Perhaps Mr. Murphy should have gone to Ottawa with a comprehensive argument as to why the refi restrictions should be reconsidered. We all know that the average debt levels per household in Canada are alarmingly high - a legitimate concern. But was the correct response by the regulators to abruptly make the changes on refi's that they did? I think not. If eradicating debt is the real issue, would it have made more sense to allow borrowers to refinance their debt once per 5 year term under the 5 year MQR of 5.24%, with payments calculated at the same rate and a reduced amortization, thereby forcing the pay down of debt at an accelerated rate? This coupled with stronger regulation around unsecured debt, (which is in large part a contributing factor to the household debt concerns), could have been a more viable solution. Instead, borrowers are now faced with higher borrowing costs through alternative sources, and are no further ahead in quelling their debt challenges.

  • Ian McSevney on 2013-03-13 2:21:05 PM

    Shayne and Paolo.

    I am worried about the health of consumers and the fact is that the arbitrary wipe out of refinanciing beyond 80% LTV has taken a toll on my business.

    I make my living as a Mortgage Broker and I want to see a healthy mortgage market for all parties. Consumers, Lenders and Brokers. I do not believe taking away options rather than adjusting them is the way to go.

    In my comment to CMP I indicated that serial refinancers who have refinaced three and four times over the last 10 and 12 years are partly to blame for why these stricter rules came into play. I did state that in my comments that as a Broker we are responsible to advise our clients and not just service their mortgage request transactionally. I did not advocate to simply go back to allowing high ratio refinancing across the board but rather that I would like to see a return to available programmes under which borrowers coud refinance for true debt consolidation or asset enhancement when it is needed and when it is completed in a controlled environment. One where we are preventing and advising the client not to re-debt. We need to offer people the ability to shore up unsecured debt so that they can increase cash flow and redirect that available cash flow towards saving for retirement and other needs.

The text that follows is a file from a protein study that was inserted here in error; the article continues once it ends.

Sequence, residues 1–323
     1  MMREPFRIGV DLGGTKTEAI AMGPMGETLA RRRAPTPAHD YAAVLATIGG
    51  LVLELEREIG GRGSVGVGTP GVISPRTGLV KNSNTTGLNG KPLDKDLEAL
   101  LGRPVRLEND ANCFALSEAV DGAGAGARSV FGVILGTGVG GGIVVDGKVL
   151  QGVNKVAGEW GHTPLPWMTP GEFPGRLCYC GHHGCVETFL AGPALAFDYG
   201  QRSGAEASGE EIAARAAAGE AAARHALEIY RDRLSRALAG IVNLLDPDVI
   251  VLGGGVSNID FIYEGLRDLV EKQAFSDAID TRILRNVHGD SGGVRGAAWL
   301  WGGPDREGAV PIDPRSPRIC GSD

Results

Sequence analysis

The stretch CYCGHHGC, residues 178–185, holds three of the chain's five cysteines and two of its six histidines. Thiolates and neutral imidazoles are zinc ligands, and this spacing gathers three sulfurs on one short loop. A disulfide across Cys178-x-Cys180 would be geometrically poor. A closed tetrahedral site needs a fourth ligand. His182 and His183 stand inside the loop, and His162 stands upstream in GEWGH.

I agree a house is not an ATM but a consumer who has built up some equity deserves to put that equity to work for themselves with the right advice from a Mortgage Broker in the best possible way.

    Yes, I am worried about my business! Because I practiced significantly in the area of refinaces. But I have always preached responsible use of ones equity for the best possible benefit.

    I would like to see Jim Murphy lobbying for a return to available refinance programmes over lobbying for first time home buyers. Because current home owners who need to refinance are already out there and in the market needing our help and guidance.

    John thanks for your remark I think you truly understand what my comments are elude to.

  • Paolo Di Petta | dipettamortgage.com on 2013-03-14 2:05:53 AM

    @Ian, while I don't totally disagree with you, I have one huge issue of contention: "a consumer who has built up some equity deserves to put that equity to work for themselves..."

    The problem is, a lot of people (at least in the GTA) haven't "built up equity". With the rapid appreciation in home values, I've repeatedly seen the same applications/applicants come in from other brokerages year-after-year, and some of these people owe more than they originally paid for the home. I don't do those kinds of deals, but someone must be doing them, because these people are still in their home. When property values stagnate, they're going to be in for a rude awakening.

    Instead of giving people the ability to take on more debt, we should see more programs that encourage the paydown of debt (both secured and unsecured).

    Not to mention, the interest rates won't stay this low forever. We need to encourage people to pay down debt now that it's cheap and easier to do. If we keep letting them take on more debt at extended amortizations, they're going to get hammered when the cost of carrying debt goes back up.

    The biggest problem is that too many people have sold the monthly payment philosophy. Using extended amortizations and low rates, people are under the impression that they have more money than they actually do.